2. Use the new female condom (Realityrm, Femidomrm, Femyrm). This could be useful if your male partner(s) can't or won't use condoms. Small amounts of any lubricant, including oil-based ones, may be used inside the pouch or on the penis. Using a spermicide containing nonoxynol-9 with the female condom may irritate the vaginal surface. (See chapter 13, Birth Control, for more information on the female condom.)

3. Use vaginal spermicides (contraceptive foams, films, creams and jellies).* You can purchase them in a drugstore without a prescription and use them with or without a diaphragm or condom. Using a barrier contraIceptive--condom or diaphragm--with spermicide may increase your protection. When using a condom, put an applicatorful of spermicide inside the vagina before sexual intercourse.

Using nonoxynol-9 can irritate the vaginal mucosa. Whether this increases the risk of HIV transmission is still uncertain. The question is controversial because much of the research indicating increased risk was based on very frequent use among sex workers.

4. A diaphragm (with spermicide) gives better protection against STDs that affect the cervix, 5. such as gonorrhea and chlamydial infection. Other cervical barrier contraceptives, such as caps and the sponge, have not proved to be as effective for STD prevention. Cervical barriers do not protect you from infection in other parts of the body, such as the vulva, vagina, or rectum, by organisms such as herpes, warts, or syphilis.

5. Washing the genitals before and right after sex may not help much. Douching, in most cases, does not prevent STD, as it washes away the normal vaginal secretions that help our bodies fight off infection and may even push infections higher up in your reproductive system. Men should wash their testicles and penis, particularly after anal sex and before going on to vaginal or oral sex.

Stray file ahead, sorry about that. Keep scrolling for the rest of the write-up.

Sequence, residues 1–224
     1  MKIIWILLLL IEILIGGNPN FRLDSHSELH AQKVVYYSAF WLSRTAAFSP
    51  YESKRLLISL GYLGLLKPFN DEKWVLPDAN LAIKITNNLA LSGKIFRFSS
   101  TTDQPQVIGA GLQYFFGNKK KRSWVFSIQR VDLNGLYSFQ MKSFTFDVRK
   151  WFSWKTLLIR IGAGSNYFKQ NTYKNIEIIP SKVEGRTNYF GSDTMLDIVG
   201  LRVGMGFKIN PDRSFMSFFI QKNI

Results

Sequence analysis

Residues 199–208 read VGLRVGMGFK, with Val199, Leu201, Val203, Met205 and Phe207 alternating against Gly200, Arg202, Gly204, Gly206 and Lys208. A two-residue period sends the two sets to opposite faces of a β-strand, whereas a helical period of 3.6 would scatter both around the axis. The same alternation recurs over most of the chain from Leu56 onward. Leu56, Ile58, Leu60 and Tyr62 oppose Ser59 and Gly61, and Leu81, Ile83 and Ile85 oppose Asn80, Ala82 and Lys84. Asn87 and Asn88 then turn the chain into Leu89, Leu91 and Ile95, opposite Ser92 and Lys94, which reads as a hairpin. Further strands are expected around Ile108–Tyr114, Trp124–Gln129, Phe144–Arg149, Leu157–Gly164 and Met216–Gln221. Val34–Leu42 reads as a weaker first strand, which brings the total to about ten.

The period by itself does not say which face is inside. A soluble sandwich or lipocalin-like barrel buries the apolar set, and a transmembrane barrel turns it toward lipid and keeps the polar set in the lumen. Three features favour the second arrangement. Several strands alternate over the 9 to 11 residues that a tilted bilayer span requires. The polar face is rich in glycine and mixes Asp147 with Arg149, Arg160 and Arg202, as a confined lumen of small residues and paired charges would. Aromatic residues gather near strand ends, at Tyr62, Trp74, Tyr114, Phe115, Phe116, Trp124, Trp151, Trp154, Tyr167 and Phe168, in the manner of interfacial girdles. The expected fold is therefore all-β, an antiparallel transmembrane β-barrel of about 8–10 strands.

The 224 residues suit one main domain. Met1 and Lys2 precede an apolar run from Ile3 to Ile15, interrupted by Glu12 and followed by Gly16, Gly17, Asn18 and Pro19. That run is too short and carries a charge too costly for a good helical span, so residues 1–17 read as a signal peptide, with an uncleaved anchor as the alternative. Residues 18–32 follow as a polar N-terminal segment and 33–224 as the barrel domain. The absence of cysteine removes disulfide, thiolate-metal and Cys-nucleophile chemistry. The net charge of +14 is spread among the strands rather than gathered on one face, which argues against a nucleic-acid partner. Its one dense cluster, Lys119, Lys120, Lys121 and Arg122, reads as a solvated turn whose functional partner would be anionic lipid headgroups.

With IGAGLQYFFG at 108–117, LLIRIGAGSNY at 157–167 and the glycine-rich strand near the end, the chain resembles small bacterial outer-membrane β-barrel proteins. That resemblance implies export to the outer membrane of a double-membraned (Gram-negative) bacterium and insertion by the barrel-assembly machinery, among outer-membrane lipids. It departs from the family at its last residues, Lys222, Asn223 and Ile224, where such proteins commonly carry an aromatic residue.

6. Barrier methods can be used for mouth-to-vagina or mouth-to-anus contact. Dental dams (squares of latex used by dentists) can be used as a barrier for oral sex. Some people now place household plastic wrap over the area before contact, then discard it after one-time use. If nothing else is available, you can cut up a latex glove and use that as a barrier.

Remember: Barriers don't protect you from an infection on parts of the body that they do not cover.

7. Avoid sharing sex toys. Body secretions on sex toys may transmit STDs. Some people soak sex toys in hydrogen peroxide for 15 minutes. Also, be very careful in any sexual activities that involve blood, including bondage and discipline. Direct contact with the blood--including menstrual blood--of an infected person can transmit HIV or hepatitis.